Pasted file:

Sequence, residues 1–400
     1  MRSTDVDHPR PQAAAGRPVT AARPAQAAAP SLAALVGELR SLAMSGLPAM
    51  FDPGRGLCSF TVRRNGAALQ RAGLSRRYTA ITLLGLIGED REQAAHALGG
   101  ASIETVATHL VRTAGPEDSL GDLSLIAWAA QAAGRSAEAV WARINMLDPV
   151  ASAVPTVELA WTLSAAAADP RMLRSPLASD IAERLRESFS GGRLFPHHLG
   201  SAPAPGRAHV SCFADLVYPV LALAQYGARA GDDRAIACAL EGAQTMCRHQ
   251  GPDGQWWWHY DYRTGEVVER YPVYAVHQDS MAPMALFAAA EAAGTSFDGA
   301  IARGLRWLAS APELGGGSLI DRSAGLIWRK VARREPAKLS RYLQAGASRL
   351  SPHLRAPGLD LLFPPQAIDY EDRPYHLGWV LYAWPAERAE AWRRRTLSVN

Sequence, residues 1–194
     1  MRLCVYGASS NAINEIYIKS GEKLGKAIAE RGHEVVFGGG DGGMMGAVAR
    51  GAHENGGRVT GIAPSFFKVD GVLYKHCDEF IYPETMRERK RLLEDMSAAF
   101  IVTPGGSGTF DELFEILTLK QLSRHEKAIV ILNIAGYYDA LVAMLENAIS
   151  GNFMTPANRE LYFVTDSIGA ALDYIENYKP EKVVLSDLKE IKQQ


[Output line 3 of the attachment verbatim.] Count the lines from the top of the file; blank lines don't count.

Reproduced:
    51  FDPGRGLCSF TVRRNGAALQ RAGLSRRYTA ITLLGLIGED REQAAHALGG